PEJ – The Cable Difference: “With different audience bases, different sibling networks and different styles, the three main cable news channels [MSNBC, Fox, CNN] also had different definitions of what constituted news in 2011. Some of the distinctions between the three main channels, in other words, are in story selection, not only style or tone. – The weakening economy, for instance, was a much bigger story on MSNBC (30% of the airtime studied), a sibling of business channel CNBC, than anywhere else. It received the second-most attention on Fox (21%), which also has a sibling channel focused on financial matters, Fox Business. The economy was a much smaller story on CNN (14%).”

      PEJ – Network News Agendas: “Traditionally, the three broadcast networks [ABC, CBS, NBC] have not had marked variations in their selection of news. That appears to be changing. In 2011, one network appears to differentiating itself with a more hard news orientation. – CBS, which publicly has announced that it is trying to define itself with a more hard news approach, devoted almost one-third of the airtime studied on its evening newscasts (30%) to two major stories-the economy and Middle East unrest-over the course of the year. That compares with 24% on the ABC’s World News Tonight and 23% on The NBC Nightly News.”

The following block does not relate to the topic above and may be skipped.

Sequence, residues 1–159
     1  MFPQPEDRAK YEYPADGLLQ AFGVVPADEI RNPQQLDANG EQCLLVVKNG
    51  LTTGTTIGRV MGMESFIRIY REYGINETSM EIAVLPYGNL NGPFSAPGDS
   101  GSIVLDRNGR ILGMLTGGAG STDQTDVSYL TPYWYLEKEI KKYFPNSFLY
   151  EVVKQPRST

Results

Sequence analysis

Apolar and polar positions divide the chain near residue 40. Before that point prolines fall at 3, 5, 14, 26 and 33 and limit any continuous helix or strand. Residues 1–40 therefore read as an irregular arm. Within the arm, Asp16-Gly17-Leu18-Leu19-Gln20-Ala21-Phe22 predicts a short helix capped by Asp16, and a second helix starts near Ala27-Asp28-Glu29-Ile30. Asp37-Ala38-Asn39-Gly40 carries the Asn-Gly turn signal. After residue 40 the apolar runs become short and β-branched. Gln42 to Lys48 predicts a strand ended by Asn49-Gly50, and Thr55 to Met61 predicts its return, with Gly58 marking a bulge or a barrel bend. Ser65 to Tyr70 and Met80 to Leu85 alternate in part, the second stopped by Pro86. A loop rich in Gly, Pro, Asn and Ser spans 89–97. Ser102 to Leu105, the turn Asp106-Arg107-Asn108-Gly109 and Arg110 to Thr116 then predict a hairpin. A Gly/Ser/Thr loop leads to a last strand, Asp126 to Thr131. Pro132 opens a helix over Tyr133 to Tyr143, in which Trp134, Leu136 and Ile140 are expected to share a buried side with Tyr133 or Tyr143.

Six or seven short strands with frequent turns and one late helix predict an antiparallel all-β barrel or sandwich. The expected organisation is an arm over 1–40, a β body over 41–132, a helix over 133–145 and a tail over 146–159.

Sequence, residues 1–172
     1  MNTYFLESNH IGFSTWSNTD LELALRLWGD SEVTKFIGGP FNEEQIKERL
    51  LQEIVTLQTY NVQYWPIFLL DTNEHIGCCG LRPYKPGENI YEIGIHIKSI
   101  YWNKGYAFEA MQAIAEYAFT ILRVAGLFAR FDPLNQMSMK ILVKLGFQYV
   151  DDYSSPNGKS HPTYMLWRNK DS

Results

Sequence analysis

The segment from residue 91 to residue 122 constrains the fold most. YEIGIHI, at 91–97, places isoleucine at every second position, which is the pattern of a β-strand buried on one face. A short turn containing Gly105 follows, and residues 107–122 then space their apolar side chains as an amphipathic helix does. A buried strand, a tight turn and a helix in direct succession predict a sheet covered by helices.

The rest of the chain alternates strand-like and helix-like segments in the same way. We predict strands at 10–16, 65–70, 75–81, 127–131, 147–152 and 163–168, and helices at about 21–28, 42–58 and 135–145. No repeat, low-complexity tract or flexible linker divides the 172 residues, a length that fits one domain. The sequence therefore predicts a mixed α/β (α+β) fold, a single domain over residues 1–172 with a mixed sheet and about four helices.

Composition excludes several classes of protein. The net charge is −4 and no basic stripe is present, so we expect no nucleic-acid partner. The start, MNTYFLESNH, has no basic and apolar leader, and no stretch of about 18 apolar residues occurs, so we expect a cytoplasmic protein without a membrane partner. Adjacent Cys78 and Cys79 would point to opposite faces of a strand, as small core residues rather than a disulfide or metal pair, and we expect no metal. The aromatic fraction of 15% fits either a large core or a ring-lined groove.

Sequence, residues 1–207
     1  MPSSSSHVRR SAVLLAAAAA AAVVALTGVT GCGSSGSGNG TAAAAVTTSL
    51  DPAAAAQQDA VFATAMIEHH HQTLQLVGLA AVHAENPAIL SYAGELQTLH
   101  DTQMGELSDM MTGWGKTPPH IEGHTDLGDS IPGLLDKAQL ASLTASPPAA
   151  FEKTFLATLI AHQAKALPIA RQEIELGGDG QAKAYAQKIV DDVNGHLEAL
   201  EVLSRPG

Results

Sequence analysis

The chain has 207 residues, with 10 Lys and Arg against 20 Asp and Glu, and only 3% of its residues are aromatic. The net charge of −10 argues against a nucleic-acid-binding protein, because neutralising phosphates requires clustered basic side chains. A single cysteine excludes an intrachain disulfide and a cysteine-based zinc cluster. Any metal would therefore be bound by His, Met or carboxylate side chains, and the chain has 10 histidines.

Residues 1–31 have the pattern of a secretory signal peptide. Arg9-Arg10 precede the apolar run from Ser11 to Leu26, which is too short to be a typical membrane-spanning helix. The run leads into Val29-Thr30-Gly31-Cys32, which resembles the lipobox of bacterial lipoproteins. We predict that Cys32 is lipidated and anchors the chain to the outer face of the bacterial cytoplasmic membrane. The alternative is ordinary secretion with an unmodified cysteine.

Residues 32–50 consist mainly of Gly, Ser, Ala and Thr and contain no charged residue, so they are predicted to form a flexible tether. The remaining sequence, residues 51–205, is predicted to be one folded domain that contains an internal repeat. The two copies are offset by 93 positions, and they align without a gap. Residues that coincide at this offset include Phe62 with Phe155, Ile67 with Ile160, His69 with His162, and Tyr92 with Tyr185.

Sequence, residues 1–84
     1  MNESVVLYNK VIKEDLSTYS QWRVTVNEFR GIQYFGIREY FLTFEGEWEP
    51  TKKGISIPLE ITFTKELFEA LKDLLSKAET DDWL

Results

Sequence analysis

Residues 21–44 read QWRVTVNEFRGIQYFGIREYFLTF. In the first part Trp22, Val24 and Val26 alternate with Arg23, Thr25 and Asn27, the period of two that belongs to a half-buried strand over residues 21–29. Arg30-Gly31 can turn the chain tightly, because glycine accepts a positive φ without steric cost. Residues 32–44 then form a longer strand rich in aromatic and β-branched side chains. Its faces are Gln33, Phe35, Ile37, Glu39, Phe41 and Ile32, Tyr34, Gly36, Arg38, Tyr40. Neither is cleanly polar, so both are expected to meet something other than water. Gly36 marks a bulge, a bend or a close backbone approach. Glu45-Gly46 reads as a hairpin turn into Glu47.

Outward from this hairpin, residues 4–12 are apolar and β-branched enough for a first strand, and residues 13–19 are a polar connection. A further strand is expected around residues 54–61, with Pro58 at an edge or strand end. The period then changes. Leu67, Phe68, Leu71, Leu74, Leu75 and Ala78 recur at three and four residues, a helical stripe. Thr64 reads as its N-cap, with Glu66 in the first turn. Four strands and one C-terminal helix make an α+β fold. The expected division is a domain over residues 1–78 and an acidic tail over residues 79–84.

PEJ – The PBS Difference: “An examination of 2011 coverage also reveals some ways in which the PBS NewsHour differs in its agenda from the rest of the media, particularly in what viewers can find elsewhere on television. – The most striking difference is that the NewsHour offered more than one-third more coverage of international events over the last year than the media overall, including all other forms of television news (cable, morning and network evening). In total, 39% of the time on the NewsHour was devoted to foreign events and U.S. foreign policy, compared with 28% in the media sample generally, 23% on cable news, 24% on the network morning news shows and 24% on the network evening broadcasts.”